Yet, economics create other realities. William Sederburg, president of Ferris State University in Big Rapids, Mich., told the assembled group how the cost of plastics programs crimp a school's budget. The school, which has 280 plastics engineering students, recently opened a $4.65 million National Elastomer Center for educational purposes.
``It's a balancing act,'' Sederburg said. ``We want to increase the number of students in our [plastics] program. But it's a significant challenge to fund technologies needed for an intensive curriculum.''
At the local level, companies also are grappling with funding educational programs. Plastics companies in six Michigan counties have formed new school-to-work programs that train students as young as the seventh-grade level in plastics processing.
One such program takes place at the Academy for Plastics Manufacturing Technology in St. Clair County, Mich. The school is partly funded by area processors Blue Water Plastics, Huron Plastics, Mohawk Plastics Inc. of Marine City, Mich., and Pine River Plastics Inc. of St. Clair, Mich. Forty students are expected in the program this fall.
State funding for that program, like a similar one involving Libralter in Oakland County, could run out next year unless the state Legislature votes to continue it. Currently, industries in each county apply for grant money through the jobs commission.
Another breakout session addressed other topics of statewide concern and promise for the plastics industry. They included:
Electric utility deregulation. The jobs commission has proposed opening 10 percent of the state's electrical load to private firms. The plan, which might go into effect as early as this summer, would save an average-sized business $20,000 a year on its electric bill, said Robert Filka, president of the Michigan Renaissance Fund, an economic development arm of the commission.
Apprenticeship tax breaks. Michigan offers a single business tax credit of as much as $2,000 annually per apprentice for employees who train high-school age students. Occupational categories include plastics products technicians, mold makers, machinists and machine builders.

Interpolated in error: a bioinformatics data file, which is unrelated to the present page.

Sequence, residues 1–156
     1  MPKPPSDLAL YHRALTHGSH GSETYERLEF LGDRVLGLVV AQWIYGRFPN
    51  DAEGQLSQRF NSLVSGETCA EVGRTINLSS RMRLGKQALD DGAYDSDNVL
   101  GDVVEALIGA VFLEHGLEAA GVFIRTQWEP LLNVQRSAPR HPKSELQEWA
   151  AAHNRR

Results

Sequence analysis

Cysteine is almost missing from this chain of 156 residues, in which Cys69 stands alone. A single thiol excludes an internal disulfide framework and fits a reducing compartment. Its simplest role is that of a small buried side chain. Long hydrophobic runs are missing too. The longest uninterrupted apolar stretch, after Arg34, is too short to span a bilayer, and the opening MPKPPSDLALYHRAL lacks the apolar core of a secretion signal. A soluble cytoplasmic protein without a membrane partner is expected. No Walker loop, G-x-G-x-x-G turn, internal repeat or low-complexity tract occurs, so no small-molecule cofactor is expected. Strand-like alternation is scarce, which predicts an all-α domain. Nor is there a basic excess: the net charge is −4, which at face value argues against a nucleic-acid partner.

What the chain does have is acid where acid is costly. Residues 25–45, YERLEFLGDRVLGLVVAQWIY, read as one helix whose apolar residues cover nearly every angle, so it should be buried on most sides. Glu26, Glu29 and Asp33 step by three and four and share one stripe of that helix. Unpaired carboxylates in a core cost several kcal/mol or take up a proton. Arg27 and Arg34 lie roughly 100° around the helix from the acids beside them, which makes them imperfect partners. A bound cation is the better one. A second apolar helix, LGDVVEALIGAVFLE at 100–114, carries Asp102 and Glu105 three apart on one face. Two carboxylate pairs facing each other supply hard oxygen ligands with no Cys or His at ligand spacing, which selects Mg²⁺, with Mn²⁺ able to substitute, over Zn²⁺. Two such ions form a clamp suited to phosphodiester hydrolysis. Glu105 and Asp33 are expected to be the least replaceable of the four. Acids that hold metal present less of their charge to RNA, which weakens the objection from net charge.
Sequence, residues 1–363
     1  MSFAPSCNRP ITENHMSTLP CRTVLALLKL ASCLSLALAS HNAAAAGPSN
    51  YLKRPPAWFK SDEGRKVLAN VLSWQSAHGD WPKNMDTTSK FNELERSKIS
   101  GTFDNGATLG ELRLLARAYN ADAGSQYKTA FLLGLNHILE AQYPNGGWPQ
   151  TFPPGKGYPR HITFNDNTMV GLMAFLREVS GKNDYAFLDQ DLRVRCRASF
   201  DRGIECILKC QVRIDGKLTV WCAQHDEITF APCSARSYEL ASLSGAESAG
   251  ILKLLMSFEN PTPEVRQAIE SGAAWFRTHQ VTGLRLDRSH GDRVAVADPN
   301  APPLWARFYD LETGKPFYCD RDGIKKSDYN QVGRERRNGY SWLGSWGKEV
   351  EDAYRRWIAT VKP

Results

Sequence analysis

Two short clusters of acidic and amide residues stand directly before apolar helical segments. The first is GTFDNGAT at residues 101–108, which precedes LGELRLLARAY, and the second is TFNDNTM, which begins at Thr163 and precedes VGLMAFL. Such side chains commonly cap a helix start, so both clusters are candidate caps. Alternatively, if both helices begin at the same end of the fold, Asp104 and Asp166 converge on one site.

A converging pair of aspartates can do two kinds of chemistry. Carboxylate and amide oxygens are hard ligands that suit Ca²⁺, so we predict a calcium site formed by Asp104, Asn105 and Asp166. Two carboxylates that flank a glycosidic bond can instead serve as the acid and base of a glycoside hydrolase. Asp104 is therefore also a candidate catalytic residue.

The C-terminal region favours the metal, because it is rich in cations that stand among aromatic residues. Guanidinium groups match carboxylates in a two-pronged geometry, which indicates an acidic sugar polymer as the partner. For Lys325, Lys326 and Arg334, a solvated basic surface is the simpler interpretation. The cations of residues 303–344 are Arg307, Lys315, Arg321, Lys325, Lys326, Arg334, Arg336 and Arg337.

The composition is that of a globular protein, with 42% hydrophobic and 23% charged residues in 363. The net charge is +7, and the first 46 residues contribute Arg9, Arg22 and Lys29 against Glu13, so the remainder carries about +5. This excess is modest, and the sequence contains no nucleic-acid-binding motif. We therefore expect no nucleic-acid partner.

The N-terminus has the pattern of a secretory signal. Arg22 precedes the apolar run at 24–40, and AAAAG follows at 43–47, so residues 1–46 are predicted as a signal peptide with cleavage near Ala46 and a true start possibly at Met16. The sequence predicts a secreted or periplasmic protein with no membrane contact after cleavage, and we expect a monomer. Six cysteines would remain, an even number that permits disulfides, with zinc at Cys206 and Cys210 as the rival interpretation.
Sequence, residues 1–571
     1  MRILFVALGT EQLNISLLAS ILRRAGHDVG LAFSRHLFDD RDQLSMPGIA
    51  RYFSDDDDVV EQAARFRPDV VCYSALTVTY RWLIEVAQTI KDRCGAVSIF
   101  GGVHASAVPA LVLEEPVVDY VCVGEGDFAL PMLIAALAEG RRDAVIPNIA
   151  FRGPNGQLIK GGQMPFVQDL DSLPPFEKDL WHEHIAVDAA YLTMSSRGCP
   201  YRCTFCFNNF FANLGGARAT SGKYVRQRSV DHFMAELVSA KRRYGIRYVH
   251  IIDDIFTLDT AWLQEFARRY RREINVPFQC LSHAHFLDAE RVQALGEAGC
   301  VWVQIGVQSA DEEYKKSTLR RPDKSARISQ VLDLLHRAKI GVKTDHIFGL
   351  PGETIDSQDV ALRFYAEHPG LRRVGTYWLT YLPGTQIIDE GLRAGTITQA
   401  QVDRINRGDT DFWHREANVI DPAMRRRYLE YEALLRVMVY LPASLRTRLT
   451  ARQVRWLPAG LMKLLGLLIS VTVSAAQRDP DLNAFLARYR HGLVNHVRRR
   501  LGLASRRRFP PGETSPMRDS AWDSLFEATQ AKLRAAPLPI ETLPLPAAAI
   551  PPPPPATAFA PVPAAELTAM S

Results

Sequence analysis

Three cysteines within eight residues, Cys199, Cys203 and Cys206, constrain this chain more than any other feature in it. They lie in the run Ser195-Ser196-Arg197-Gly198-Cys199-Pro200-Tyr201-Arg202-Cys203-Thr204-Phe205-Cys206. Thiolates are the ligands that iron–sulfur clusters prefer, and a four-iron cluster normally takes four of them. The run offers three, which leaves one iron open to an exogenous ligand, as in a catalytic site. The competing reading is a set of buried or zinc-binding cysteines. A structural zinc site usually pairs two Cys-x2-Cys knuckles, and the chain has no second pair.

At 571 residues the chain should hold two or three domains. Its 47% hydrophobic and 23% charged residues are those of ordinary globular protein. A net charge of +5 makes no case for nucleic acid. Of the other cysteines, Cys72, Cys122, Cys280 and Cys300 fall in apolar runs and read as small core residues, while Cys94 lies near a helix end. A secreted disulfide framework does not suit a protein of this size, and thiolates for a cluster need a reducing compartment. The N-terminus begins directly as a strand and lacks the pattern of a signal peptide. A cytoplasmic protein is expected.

The only catch: Qualified apprentices cannot have completed high school or be more than 20 years old.
Job training grants. The state's Economic Development Job Training Program provides funds for companies to send employees back to school for further training. The program, administered through the jobs commission, used $34.2 million in state funds in 1996. The bad news is that funds dry up quickly each year, said Barbara Chubb, the program's acting director.
If the Legislature earmarks funds for the program this year, the commission will have to consider new methods to distribute them, she said. Some summit participants said industry and educators will have to join forces if they expect to keep employment at high levels. Relying on the state could be a mistake.
``It doesn't make a difference that Engler wasn't here,'' said Ronald Leo, research and development manager with Crocker Ltd., a blow molder in Three Rivers, Mich. ``We could hire people today if they were available. But I'm not a person who thinks the state can or should do our job for us.''